This is the second installment in our voiceover series. Part 1 covers how to choose the proper gear and location. Now that you’ve found the right recording space, it’s time to set up your gear and get ready to record. Grab your computer, headphones, mic, script, and a glass of water (or two).
- Plug in your mic and choose it as your input source in your computer’s preferences.
- Avoid distractions (or notification noises)! Close any unnecessary apps and disable notifications.
- Open your recording app of choice. You can use free software like Quicktime, Sound Recorder, Audacity, or WeVideo to record your narration.
Recording with a phone? Turn it to airplane mode to prevent unwanted interruptions. Then, open your voice memo app and run a quick test. Remember to monitor the audio.
Keep the mic close
- The microphone should be pointed at your mouth but, depending on how your voice carries, may sound better if you position it just above or just below your mouth. Test a few different configurations to hear what works best for you.
- A good quality mic should be very close to your mouth. An inexpensive mic or phone should be positioned a few inches away to avoid distortion.
- Don’t touch or move the mic (or the surface it rests on) while you are talking. This will translate into a loud audio interference in your recording.
If you are using a camera to record the voiceover, locate the mic and follow the steps above. You can remove the visuals captured by the camera in the editing phase.
Monitor the audio levels
The level at which you record your audio is very important. If it is too low, your audio will have overwhelming background noises when you turn the volume up. If it is too high, you’ll hear distortion.
- With your headphones plugged in to your device, say your first sentence and listen to the volume. Open your computer preferences and adjust the level until you get the loudest source that does not sound distorted.
- Be mindful of plosives and sibilants. A plosive is that gush of wind that comes out of your mouth when you say words with an oral stop, usually a P or T. What sounds like normal speech to you will sound like an explosion of breath on the mic. Sibilants are any hissing sound your mouth makes, like when a word begins with an S. If you are positioned on the mic incorrectly or forcing your voice, the hissing noise will be amplified in the recording and sound very distracting. Try saying the sentence “Pick the pictures you’d prefer to see”, and listen for pops or hisses in your speech. If you can’t eliminate them by enunciating differently, try moving your head slightly away from the mic when you say them.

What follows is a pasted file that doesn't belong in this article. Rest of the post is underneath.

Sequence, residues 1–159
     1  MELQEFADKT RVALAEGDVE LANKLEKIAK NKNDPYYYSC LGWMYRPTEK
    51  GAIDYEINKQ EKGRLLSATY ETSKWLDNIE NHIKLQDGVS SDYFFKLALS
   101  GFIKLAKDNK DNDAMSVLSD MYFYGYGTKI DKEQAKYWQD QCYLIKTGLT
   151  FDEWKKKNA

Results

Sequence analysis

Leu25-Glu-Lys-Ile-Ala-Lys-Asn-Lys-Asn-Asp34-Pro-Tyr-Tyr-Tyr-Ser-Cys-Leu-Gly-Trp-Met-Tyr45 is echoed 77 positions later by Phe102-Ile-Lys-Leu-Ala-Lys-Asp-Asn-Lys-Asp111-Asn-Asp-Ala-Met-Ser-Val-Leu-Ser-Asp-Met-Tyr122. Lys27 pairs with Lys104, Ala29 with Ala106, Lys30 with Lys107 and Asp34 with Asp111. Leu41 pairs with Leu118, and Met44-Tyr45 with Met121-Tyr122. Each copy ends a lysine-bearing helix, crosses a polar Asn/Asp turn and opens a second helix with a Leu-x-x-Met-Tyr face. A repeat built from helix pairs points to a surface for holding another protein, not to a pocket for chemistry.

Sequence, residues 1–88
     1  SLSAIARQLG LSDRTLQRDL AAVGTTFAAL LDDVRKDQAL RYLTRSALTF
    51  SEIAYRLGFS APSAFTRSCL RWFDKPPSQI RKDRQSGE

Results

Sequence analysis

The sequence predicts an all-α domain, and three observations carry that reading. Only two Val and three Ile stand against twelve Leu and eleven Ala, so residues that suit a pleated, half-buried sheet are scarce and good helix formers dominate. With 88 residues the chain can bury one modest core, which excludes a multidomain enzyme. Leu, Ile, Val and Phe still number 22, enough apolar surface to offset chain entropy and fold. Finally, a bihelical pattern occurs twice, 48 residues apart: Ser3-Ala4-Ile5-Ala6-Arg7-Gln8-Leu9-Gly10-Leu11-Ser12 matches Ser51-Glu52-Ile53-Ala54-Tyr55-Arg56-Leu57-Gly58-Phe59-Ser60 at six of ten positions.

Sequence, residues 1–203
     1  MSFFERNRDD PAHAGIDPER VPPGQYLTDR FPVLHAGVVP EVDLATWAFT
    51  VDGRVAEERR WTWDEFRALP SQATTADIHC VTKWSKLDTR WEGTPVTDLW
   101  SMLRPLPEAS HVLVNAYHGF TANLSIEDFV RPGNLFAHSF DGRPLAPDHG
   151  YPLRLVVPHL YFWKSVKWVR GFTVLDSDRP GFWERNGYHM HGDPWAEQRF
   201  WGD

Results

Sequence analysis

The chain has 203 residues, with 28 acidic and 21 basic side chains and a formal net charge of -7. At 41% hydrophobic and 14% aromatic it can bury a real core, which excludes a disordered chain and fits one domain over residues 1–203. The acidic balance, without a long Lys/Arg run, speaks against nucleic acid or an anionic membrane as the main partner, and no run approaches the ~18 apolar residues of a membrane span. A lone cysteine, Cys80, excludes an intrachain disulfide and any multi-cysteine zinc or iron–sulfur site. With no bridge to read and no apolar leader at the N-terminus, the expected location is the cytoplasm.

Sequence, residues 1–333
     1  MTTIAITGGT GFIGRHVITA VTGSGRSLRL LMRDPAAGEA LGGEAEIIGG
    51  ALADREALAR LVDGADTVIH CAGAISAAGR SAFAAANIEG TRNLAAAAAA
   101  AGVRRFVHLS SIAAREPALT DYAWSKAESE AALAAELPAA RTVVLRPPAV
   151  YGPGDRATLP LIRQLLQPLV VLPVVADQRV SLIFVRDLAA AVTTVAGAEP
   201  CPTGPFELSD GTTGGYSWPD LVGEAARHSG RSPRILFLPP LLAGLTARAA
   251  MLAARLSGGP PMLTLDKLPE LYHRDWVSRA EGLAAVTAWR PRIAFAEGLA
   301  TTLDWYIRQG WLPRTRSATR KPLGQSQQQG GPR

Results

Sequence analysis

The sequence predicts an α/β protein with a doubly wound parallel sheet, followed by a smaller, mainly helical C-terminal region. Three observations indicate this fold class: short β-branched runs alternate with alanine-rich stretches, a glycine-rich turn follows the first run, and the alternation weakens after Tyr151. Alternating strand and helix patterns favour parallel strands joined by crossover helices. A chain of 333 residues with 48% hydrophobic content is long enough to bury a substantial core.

Record with confidence
When the prep work is done, it’s time to press record! Here are some final things to keep in mind:
- Before you say your first sentence, take a deep breath, open your mouth slightly, and smile. You’ll be surprised at how much your tone changes (for the better!) if you smile while talking.
- Breathe! Not only at the beginning, but throughout your recording. If it sounds unnatural, you can edit out audible breaths—but don’t edit your words too closely together and take out all your breaths, or the narration will sound unnatural.
- Record it all in one take. This does not mean you need to record it all perfectly on your first try, but keep the mic on until you finish one complete take. Maintaining the ambient room noise and mic placement consistent throughout your narration is ideal, and makes it sound much more natural.
- It’s ok to make mistakes, laugh it out, pause, and continue recording. If you stumble in the middle of a sentence, go back to the beginning of the phrase and record it again. Editing two half-sentences together is possible, but sounds unnatural—especially if you’re not an experienced audio editor.
- Be mindful of paragraphs and sentences, and leave enough gap between them so that you can cut them later if you want to remove parts of your narration.
- If you find yourself stumbling often, take a break, re-read your script, and start again.
Putting it all together
Once you’re happy with your recorded narration, it’s time to edit the piece. Import your narration to your editor of choice—preferably one that will allow you to edit the voice and visuals at the same time, like WeVideo. Then, put on your headphones (always edit audio with headphones on!) and listen closely.
- Locate unwanted umms and any loud breathing noises and remove them, but leave a natural pause, or it will sound weird.
- Leave additional pauses between paragraphs or ideas. As you add your visuals, you can tweak these.
- If the audio is too quiet, you can boost it slightly. If you need to boost it so much it begins to sound distorted, record it again and speak more loudly and clearly.
- If you plan on using music, remember to keep the voiceover “above” the music. Your voice should be the surfer, your music the wave. Background music that is too loud will be extremely distracting to the listener, and your message will be lost.
Additional things to consider
Your voice (even though it’s awesome) won’t be ideal for every project. Sometimes, a video requires a male or female voice, or a certain kind of voice that you can’t mimic. If you want to explore other voiceover options, check out voice talent services like Voicebunny, Voice123, or Fiverr. I hope these tips help you get started with confidence. After a few tries, you’ll quickly see the value of voice over video. We sure did!